Five weeks after Beijing-based activist Cao Shunli was taken away from Beijing International Airport en route to Geneva to take part in human rights training, the Chaoyang District Detention Center confirmed her criminal detention on charges of "unlawful assembly" on Oct. 21. Rights groups say Cao, 52, was the target of official retaliation for trying to take part in the recent review of Beijing's rights record by the United Nations Human Rights Council.
Her lawyer Wang Yu spoke to RFA's Mandarin Service about Cao's treatment in the detention center:
"They didn't get her a doctor [for her liver disease], and they didn't give her any medication. She had a certain amount of medication in her suitcase for traveling overseas with, but they wouldn't let her have it. She is quite seriously ill, and she has gotten extremely thin."
"Originally I had planned to take photos of her, but she thought she looked too frail, and that if I took them, her family would be worried about her, so she wouldn't let me take them."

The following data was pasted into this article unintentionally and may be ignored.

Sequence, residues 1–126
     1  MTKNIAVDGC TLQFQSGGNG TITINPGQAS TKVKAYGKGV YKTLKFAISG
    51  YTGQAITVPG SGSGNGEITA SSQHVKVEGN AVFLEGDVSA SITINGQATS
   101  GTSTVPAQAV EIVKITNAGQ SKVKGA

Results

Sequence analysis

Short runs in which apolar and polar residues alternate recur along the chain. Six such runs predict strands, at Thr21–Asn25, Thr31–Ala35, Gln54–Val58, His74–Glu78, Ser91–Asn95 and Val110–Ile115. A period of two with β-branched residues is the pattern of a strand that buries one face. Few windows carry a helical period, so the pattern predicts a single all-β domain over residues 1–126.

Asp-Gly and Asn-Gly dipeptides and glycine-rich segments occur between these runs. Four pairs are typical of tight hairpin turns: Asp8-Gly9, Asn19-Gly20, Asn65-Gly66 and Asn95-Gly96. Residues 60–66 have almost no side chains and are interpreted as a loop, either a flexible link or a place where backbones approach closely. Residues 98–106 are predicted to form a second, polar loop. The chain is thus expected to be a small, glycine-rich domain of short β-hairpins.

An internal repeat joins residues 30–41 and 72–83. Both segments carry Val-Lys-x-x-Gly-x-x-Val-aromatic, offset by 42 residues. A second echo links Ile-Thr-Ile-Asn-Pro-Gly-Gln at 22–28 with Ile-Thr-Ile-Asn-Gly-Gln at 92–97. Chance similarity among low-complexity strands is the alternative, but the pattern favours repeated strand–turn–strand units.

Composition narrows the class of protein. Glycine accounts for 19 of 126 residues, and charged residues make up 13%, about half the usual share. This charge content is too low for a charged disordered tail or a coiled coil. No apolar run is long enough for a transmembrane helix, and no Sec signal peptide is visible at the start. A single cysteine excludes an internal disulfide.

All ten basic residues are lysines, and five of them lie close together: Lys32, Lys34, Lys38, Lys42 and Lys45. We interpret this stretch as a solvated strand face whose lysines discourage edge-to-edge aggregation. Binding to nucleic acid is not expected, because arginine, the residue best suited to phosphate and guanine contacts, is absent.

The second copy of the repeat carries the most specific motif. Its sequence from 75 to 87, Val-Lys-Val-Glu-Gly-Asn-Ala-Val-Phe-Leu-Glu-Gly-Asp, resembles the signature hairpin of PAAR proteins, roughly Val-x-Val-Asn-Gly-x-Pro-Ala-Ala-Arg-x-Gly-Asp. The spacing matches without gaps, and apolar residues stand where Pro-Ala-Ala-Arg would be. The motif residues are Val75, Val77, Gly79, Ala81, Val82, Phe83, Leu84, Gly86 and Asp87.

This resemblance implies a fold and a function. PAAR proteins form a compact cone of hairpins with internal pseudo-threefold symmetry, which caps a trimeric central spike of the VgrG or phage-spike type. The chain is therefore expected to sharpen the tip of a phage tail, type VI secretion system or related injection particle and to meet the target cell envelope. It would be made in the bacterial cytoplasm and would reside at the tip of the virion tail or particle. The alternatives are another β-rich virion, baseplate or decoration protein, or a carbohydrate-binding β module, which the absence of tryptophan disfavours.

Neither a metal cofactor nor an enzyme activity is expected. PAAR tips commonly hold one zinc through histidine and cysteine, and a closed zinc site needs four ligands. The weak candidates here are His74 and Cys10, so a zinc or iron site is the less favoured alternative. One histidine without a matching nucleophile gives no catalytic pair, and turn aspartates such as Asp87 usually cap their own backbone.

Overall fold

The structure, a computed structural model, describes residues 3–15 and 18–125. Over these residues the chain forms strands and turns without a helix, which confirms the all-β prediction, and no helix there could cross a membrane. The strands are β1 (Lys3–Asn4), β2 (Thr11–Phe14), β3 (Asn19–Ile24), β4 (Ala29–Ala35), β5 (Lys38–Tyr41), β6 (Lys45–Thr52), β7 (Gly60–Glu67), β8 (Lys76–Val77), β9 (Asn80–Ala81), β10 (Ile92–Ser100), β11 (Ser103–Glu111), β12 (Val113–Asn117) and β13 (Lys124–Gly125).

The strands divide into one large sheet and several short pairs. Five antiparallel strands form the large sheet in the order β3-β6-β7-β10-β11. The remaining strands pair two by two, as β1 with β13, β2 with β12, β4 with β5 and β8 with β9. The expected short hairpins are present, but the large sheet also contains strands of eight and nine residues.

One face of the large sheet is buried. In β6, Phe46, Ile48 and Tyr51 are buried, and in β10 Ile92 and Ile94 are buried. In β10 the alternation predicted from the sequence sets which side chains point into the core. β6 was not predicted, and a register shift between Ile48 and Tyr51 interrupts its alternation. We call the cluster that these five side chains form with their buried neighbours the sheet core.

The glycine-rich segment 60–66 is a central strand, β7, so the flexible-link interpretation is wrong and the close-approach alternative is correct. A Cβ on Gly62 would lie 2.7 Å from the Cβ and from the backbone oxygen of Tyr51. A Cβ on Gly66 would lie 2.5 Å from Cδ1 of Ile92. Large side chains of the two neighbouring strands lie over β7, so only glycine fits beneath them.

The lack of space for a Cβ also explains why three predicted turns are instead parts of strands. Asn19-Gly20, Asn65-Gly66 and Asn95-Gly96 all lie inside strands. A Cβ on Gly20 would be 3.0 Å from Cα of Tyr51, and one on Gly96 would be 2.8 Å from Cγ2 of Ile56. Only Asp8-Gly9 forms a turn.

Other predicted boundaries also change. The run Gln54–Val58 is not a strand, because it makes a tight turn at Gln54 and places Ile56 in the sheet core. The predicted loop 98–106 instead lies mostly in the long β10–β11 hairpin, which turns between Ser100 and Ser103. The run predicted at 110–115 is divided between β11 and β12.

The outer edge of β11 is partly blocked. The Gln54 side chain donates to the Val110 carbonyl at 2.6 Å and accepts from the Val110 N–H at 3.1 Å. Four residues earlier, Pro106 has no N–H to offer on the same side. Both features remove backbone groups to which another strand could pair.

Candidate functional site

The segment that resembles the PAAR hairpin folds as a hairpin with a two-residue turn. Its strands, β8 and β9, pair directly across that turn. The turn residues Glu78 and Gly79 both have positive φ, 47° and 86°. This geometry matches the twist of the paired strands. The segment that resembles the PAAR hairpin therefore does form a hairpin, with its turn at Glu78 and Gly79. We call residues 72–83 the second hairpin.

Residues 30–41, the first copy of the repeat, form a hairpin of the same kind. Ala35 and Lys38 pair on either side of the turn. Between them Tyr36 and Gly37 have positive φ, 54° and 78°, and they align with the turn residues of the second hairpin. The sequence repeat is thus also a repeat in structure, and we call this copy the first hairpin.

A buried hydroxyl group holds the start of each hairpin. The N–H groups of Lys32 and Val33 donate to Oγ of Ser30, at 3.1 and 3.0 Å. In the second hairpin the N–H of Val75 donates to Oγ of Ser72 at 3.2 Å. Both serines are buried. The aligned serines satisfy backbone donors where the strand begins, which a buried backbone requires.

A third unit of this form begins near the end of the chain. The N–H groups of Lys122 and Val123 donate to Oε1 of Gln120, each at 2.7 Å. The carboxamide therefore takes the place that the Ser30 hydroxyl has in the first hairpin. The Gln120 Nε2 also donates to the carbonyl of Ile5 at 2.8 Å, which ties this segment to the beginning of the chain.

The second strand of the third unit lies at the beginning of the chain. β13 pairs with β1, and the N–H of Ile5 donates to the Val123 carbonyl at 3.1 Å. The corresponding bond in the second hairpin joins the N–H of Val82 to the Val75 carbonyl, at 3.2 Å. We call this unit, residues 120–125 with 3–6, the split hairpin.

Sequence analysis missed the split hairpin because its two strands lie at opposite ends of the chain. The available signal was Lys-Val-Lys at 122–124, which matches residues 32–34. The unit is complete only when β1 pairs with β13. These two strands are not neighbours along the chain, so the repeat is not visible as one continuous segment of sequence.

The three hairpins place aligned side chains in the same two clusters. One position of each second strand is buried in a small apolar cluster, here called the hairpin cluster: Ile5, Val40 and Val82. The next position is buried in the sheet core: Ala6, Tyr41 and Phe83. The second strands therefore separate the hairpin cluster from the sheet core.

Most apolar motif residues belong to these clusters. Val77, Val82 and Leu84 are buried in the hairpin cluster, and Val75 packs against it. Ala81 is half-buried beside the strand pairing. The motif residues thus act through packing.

"I went to the Chaoyang district police department on Thursday, hoping to meet with the person in charge of her case, because she has applied to be released on bail. But they said the person in charge wasn't there. I thought they were making excuses."
"I have also applied for her to be released on medical parole."
Wang said the charges against Cao didn't stand up:
"At the time that she was crossing the border, she committed no criminal acts. [Her protest outside the foreign ministry to be allowed to contribute to the U.N. rights review] was entirely in keeping with our country's Constitution. They were the normal activities of a citizen. She shouldn't have been locked up for this reason."
Fellow activist Liu Xiaofang said she believed Cao's detention was directly linked to the protest outside the foreign ministry shortly before her departure:
"I think it's mainly because of this, because it makes no sense that she should be taken away at the airport. This just proves that there are no human rights in China."
Reported by An Pei for RFA's Mandarin Service. Translated and written in English by Luisetta Mudie.